At least one number once used by Prime Minister Imran Khan was among the tens of thousands of smartphone numbers, including those of activists, journalists and politicians from around the world that were targeted through Israeli spyware.
According to a report, India was one of the ten countries which have been listed as a client of the NSO Group and its Pegasus malware. However, the report did not confirm if the attempt on PM Imran’s number was successful or not.
Meanwhile, Israeli Publication, Haaretz, reported that several Pakistani officials, Kashmiri freedom fighters, Indian Congress leader Rahul Gandhi, and even an Indian supreme court judge were targetted.
What is Pegasus spyware?
Pegasus is the hacking software – or spyware – that is developed, marketed and licensed to governments around the world by the Israeli company NSO Group. It has the capability to infect billions of phones running either iOS or Android operating systems.
It is the name for perhaps the most powerful piece of spyware ever developed. Once it has wormed its way on to your phone, without you noticing, it can turn it into a 24-hour surveillance device.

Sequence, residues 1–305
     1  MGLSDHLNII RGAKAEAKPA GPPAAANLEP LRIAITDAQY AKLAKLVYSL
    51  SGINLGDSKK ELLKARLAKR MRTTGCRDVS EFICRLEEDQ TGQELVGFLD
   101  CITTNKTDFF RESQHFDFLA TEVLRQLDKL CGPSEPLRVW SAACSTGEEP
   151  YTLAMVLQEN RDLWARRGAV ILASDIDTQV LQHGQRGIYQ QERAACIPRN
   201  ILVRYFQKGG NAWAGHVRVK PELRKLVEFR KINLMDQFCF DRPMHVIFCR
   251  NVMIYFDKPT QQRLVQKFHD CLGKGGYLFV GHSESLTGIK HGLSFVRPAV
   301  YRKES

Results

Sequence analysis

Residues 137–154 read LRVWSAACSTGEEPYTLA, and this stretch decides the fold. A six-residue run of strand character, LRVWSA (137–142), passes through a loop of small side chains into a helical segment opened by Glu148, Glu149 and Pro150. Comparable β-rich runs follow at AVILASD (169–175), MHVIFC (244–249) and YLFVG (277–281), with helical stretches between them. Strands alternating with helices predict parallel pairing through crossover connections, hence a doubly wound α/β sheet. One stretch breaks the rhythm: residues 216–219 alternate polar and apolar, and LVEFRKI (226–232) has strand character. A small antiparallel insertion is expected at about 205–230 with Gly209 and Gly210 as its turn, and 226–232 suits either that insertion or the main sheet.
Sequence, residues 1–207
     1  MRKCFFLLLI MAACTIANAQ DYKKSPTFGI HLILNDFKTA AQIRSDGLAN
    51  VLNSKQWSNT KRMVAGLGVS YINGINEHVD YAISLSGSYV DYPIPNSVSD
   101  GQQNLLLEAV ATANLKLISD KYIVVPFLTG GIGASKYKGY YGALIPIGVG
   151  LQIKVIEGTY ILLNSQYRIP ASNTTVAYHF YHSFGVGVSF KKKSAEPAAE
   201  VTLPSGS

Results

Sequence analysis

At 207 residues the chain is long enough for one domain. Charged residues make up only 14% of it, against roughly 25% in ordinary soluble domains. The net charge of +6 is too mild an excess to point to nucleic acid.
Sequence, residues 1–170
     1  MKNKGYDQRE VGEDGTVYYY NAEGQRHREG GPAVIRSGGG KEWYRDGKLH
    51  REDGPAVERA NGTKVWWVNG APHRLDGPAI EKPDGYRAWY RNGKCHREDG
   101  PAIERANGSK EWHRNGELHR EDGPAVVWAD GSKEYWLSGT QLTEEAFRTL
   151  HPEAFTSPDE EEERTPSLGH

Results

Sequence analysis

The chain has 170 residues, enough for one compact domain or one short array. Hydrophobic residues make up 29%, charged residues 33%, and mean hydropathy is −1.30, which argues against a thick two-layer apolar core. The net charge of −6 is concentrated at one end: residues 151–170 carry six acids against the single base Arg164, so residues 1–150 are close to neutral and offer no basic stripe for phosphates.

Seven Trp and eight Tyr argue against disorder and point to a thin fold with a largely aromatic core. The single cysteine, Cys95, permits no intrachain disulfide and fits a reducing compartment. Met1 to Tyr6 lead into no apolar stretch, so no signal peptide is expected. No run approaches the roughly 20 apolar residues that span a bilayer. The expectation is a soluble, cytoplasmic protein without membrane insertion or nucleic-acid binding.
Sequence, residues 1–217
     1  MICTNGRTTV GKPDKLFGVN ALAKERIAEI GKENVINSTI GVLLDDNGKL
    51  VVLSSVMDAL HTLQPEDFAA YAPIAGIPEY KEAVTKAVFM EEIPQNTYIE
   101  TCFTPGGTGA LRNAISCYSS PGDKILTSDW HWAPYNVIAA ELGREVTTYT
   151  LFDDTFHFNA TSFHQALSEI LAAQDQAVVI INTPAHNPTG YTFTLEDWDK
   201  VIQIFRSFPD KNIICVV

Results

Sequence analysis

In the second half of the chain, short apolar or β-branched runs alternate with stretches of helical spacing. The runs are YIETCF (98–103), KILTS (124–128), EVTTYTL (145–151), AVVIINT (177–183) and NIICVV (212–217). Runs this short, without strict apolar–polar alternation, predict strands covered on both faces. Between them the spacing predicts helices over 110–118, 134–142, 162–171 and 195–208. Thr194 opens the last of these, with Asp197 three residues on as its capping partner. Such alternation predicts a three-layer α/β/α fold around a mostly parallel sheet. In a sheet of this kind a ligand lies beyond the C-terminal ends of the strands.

It can copy messages you send or receive, harvest your photos and record your calls. It might secretly film you through your phone’s camera, or activate the microphone to record your conversations.
Pegasus first became public knowledge when the software was reportedly used to attempt to hack into the iPhone of an Arab human rights activist in 2016. iPhone maker Apple had then released an iOS update days after the alleged incident, which reportedly patched the vulnerability that was being targeting using Pegasus to hack into its phones.
Next in 2017, cybersecurity researchers found that the software could also exploit android-based smartphones. The finding led to new security updates. Pegasus has also been at odds with Facebook, which sued the NSO Group for creating the surveillance software in 2019.
How does Pegasus hack a phone?
Due to the spyware’s sophistication, it can be hardly detected on a person’s phone, but Amnesty International’s Forensic Methodology Report reported that we can look for traces that it leaves.
The report highlighted that initial traces were recorded on Safari’s browsing history, but eventually, such suspicious redirects were found to take place in other apps as well. The report mentions a whopping total of 700 Pegasus-related domains.
Another method of spotting Pegasus, as described in the report, is that it could be detected through the iOS “records of process executions “and their respective network usage in two specific files”.
However, a regular person cannot detect the spyware on their phones and only experts can do this, the publication said, adding that Amnesty would soon release its tools through which it had detected Pegasus.